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Shafi Goldwasser

From Wikipedia, the free encyclopedia

Shafrira "Shafi" Goldwasser (Hebrew: שפרירה גולדווסר‎) is an American-Israeli computer scientist and winner of the Turing Award in 2012. She is the RSA Professor of Electrical Engineering and Computer Science at MIT,[4] a professor of mathematical sciences at the Weizmann Institute of Science, Israel, co-founder and chief scientist of Duality Technologies[5] and the director of the Simons Institute for the Theory of Computing in Berkeley, CA.[6][7][8][9]

Biography

Born in 1958 in New York City, Goldwasser obtained her B.S. (1979) in mathematics and science from Carnegie Mellon University, and M.S. (1981) and PhD (1984) in computer science from the University of California, Berkeley under the supervision of Manuel Blum, who is well known for advising some of the most prominent researchers in the field. She joined MIT in 1983, and in 1997 became the first holder of the RSA Professorship. She became a professor at the Weizmann Institute of Science, concurrent to her professorship at MIT, in 1993. She is a member of the Theory of Computation group at MIT Computer Science and Artificial Intelligence Laboratory.[10] Goldwasser was a co-recipient of the 2012 Turing Award.[11] On January 1, 2018, Goldwasser became the director of the Simons Institute for the Theory of Computing at the University of California, Berkeley.[12]

Since November 2016, Goldwasser is Chief Scientist and Co-Founder of Duality Technologies, an Israeli-American start-up which offers secure data analytics using advanced cryptographic techniques.[5] She is also a scientific advisor for several technology start ups in the security area, including QED-it, specializing in the Zero Knowledge Blockchain, and Algorand, a Proof-of-stake Blockchain.

Scientific career

Goldwasser's research areas include computational complexity theory, cryptography and computational number theory. She is the co-inventor of probabilistic encryption,[13] which set up and achieved the gold standard for security for data encryption. She is the co-inventor of zero-knowledge proofs, which probabilistically and interactively demonstrate the validity of an assertion without conveying any additional knowledge, and are a key tool in the design of cryptographic protocols. Her work in complexity theory includes the classification of approximation problems, showing that some problems in NP remain hard even when only an approximate solution is needed,[14] and pioneering methods for delegating computations to untrusted servers.[15] Her work in number theory includes the invention with Joe Kilian of primality proving using elliptic curves.[16]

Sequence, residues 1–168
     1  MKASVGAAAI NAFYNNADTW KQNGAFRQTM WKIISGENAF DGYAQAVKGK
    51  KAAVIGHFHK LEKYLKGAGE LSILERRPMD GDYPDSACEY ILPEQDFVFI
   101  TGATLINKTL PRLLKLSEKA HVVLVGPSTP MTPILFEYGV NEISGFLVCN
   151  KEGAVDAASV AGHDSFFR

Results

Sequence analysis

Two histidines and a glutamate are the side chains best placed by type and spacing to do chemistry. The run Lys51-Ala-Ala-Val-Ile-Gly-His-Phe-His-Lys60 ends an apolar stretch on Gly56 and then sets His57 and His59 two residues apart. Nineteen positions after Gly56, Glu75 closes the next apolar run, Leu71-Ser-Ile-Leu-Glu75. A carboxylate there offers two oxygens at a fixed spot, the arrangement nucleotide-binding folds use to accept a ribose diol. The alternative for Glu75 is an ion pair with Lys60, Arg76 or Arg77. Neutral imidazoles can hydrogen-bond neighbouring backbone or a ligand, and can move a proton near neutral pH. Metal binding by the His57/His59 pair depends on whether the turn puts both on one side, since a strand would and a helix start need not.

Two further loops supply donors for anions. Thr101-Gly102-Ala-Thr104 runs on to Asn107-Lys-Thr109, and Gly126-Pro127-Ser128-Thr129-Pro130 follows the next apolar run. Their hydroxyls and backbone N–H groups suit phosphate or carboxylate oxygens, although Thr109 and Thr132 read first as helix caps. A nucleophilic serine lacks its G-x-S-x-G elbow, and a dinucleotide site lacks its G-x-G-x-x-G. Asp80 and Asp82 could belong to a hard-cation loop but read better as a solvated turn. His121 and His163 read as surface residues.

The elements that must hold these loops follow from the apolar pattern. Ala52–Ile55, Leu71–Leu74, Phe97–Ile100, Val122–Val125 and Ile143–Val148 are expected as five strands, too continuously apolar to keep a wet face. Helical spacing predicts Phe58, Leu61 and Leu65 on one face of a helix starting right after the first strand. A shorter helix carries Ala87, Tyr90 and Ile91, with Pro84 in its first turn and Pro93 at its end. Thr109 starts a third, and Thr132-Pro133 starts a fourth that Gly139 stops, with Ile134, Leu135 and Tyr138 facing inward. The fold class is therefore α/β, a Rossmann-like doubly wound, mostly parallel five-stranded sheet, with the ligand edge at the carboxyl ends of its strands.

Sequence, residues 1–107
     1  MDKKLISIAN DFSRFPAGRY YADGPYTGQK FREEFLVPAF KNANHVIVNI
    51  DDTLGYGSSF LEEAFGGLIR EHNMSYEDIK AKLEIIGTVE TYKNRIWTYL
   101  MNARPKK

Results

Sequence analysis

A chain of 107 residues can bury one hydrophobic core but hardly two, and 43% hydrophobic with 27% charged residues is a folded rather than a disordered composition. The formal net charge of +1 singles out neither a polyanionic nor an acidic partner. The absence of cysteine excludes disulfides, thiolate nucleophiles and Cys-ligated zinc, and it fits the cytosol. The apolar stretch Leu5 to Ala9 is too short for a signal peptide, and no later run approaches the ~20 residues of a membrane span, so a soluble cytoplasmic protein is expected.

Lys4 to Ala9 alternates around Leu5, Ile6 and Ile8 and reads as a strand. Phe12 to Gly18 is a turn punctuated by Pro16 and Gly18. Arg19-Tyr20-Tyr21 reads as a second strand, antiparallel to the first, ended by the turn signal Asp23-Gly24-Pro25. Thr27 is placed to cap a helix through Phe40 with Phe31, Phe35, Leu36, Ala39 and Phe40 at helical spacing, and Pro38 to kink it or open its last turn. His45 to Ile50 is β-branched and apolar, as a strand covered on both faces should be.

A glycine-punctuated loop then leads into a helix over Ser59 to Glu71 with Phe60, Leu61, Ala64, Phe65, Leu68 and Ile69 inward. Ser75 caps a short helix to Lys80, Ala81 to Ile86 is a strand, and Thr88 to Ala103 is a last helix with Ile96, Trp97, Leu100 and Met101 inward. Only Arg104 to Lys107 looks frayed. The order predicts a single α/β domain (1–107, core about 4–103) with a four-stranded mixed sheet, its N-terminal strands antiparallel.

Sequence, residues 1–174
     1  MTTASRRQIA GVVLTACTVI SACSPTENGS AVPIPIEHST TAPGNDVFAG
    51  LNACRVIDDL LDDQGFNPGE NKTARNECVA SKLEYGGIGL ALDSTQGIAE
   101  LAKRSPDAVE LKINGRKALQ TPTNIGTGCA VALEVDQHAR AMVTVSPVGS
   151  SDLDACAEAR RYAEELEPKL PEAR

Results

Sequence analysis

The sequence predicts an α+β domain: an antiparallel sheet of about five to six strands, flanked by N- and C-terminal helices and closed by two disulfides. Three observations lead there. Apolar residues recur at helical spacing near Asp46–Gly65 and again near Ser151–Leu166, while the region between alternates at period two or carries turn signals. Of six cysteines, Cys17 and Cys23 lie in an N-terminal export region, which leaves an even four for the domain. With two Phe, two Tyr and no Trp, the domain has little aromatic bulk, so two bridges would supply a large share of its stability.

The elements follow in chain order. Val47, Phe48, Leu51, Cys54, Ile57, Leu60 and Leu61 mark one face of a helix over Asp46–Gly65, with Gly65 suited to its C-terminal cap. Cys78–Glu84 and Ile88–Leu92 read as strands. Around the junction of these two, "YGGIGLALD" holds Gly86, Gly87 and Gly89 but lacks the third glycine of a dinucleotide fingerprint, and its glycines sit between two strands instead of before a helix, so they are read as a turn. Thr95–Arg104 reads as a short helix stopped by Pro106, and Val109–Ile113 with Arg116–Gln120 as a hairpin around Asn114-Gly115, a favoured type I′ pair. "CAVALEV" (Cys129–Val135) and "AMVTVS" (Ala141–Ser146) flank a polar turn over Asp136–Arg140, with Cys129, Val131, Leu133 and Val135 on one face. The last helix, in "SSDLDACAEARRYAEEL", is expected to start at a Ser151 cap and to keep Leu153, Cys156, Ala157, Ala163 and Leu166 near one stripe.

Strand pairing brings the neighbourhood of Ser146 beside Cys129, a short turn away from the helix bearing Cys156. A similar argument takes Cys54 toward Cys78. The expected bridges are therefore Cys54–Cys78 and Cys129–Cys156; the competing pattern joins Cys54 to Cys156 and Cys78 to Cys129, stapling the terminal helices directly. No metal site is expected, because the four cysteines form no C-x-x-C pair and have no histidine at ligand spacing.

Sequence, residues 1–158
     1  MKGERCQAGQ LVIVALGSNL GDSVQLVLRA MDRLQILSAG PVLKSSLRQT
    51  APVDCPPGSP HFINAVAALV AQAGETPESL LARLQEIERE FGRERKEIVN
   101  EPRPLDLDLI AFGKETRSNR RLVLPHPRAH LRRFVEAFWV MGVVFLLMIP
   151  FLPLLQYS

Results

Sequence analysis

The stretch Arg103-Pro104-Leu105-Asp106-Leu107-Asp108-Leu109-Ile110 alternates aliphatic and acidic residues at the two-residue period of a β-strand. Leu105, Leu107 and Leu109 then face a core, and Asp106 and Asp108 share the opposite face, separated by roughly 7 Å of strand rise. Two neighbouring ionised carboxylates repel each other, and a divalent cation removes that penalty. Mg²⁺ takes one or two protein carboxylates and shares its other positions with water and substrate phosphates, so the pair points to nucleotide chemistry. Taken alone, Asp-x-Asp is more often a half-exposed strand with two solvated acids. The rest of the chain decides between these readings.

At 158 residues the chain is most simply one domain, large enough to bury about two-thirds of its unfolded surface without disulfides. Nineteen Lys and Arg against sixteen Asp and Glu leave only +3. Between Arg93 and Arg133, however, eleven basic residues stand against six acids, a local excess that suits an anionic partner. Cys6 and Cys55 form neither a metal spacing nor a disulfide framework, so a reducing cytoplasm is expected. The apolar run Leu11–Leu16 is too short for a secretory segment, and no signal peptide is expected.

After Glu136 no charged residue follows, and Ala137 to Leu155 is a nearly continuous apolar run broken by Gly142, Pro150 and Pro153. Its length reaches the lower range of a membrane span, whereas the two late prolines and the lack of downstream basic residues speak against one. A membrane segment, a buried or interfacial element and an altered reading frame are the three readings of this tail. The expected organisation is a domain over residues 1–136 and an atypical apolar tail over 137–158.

Awards

Goldwasser was awarded the 2012 Turing Award along with Silvio Micali for their work in the field of cryptography.[17] Goldwasser has twice won the Gödel Prize in theoretical computer science: first in 1993 (for "The knowledge complexity of interactive proof systems"),[18] and again in 2001 (for "Interactive Proofs and the Hardness of Approximating Cliques").[19] Other awards include the ACM Grace Murray Hopper Award (1996) for outstanding young computer professional of the year and the RSA Award for Excellence in Mathematics (1998) for outstanding mathematical contributions to cryptography. In 2001 she was elected to the American Academy of Arts and Sciences, in 2004 she was elected to the National Academy of Science, and in 2005 to the National Academy of Engineering. She was selected as an IACR Fellow in 2007. Goldwasser received the 2008-2009 Athena Lecturer Award of the Association for Computing Machinery's Committee on Women in Computing.[20] She is the recipient of The Franklin Institute's 2010 Benjamin Franklin Medal in Computer and Cognitive Science.[21] She received the IEEE Emanuel R. Piore Award in 2011. She received the 2018 Frontier of Knowledge award together with Micali, Rivest and Shamir.[22] She was elected as an ACM Fellow in 2017.[23] In 2018, she was awarded an honorary degree by her alma mater, Carnegie Mellon University.[24] On 26 June 2019 Goldwasser was awarded an Honorary Doctorate of Science by the University of Oxford.[25]